By 2007, so many medical marijuana dispensaries had opened in Los Angeles that the City Council imposed a moratorium on new shops.
In the next few years, illegal collectives mushroomed, and it was reported that there were more pot shops than Starbucks locations in the city.
It was more than a decade since voters had passed Proposition 215, the groundbreaking initiative legalizing medical cannabis, and more than five years after the state Legislature clarified some rules for patients and collectives with Senate Bill 420.
It was, frankly, a bonanza for weed sellers. It was California's green rush.
The big question now is whether it could happen all over again if voters, as some expect, legalize recreational marijuana in November.
The Adult Use of Marijuana Act (AUMA), backed by Silicon Valley billionaire Sean Parker and Lt. Gov. Gavin Newsom, would allow Californians 21 and older to buy and hold up to an ounce of weed at a time.
A new report, "The State of Legal Marijuana Markets," by cannabis business analysis firm New Frontier, in partnership with ArcView Market Research, says California's legal pot revenues could more than double following what many describe as "adult-use" legalization.
The legit medical-marijuana market in the Golden State was worth $2.7 billion in 2015, the report concludes. In 2020, if adult use goes into effect, that figure could be a whopping $6.6 billion, the report said.
Despite what critics have described as the conservative nature of AUMA — it doesn't necessarily open the door for more dispensaries or legalize delivery in towns where it's not legal — the report's author believes there could indeed be a second green rush in California if it's enacted in 2018.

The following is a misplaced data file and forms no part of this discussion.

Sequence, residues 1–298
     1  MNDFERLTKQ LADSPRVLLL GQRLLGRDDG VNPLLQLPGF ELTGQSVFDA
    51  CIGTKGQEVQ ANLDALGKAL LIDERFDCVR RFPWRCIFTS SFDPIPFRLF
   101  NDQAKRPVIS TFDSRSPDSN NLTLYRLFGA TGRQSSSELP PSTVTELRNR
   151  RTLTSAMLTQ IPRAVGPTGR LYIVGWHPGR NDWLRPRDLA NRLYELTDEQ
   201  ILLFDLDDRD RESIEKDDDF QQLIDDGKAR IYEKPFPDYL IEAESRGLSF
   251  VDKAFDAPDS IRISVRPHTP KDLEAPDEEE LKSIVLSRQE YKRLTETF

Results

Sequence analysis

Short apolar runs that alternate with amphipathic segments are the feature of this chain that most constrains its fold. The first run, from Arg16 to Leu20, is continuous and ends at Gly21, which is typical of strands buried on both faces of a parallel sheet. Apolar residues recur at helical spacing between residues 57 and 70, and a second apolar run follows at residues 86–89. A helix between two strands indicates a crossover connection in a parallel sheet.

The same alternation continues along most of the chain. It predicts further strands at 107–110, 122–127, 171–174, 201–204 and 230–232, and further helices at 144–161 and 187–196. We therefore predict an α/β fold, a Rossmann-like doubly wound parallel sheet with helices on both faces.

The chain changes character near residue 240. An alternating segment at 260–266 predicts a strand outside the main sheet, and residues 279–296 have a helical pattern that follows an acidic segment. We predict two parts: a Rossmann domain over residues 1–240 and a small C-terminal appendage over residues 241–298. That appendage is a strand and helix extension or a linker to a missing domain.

John Kagia, director of industry analytics for New Frontier, acknowledges that AUMA might not expand the retail scene in America's largest pot market, L.A., where city law imposes strict limits on the number of shops.
But he said it could increase demand by eliminating barriers, such as a doctor's recommendation, to cannabis. "One of the things full adult-use legalization does is normalize it a step further," Kagia told us.
And media attention could increase marijuana tourism, he said.
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"California, being one of the most important tourism destinations in the country, it would be a very significant canna-tourism market if it passed adult use," Kagia said.
Eight percent of tourists in Colorado visit a dispensary, the "State of Legal Marijuana Markets" report found. If that were applied just to Los Angeles, which had 45.5 million visitors last year, it would amount to 3.6 million tourists sampling the local greenery.
"Within the adult-use market," Kagia said, "we tend to see the greatest opportunities for long-term growth."
Get your cash registers ready.